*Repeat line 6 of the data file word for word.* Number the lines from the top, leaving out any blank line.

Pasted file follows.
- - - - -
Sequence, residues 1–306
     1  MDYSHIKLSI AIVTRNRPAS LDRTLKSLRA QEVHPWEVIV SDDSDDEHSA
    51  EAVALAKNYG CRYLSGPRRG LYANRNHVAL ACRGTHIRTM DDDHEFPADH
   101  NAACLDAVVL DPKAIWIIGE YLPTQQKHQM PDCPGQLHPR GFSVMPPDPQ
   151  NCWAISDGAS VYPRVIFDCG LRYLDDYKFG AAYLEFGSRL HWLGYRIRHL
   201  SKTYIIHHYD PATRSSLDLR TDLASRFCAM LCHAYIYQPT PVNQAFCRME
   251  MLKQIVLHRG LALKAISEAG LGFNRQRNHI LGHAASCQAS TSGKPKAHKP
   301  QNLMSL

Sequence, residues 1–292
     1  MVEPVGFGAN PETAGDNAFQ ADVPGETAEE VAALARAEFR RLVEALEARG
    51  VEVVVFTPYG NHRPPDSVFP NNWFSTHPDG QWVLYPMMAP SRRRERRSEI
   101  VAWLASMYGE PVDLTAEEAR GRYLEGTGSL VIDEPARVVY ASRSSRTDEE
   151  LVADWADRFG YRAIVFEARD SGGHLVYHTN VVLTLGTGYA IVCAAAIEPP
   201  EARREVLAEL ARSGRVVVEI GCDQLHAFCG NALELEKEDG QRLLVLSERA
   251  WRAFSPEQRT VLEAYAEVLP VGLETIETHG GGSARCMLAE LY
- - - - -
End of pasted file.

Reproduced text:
   201  SKTYIIHHYD PATRSSLDLR TDLASRFCAM LCHAYIYQPT PVNQAFCRME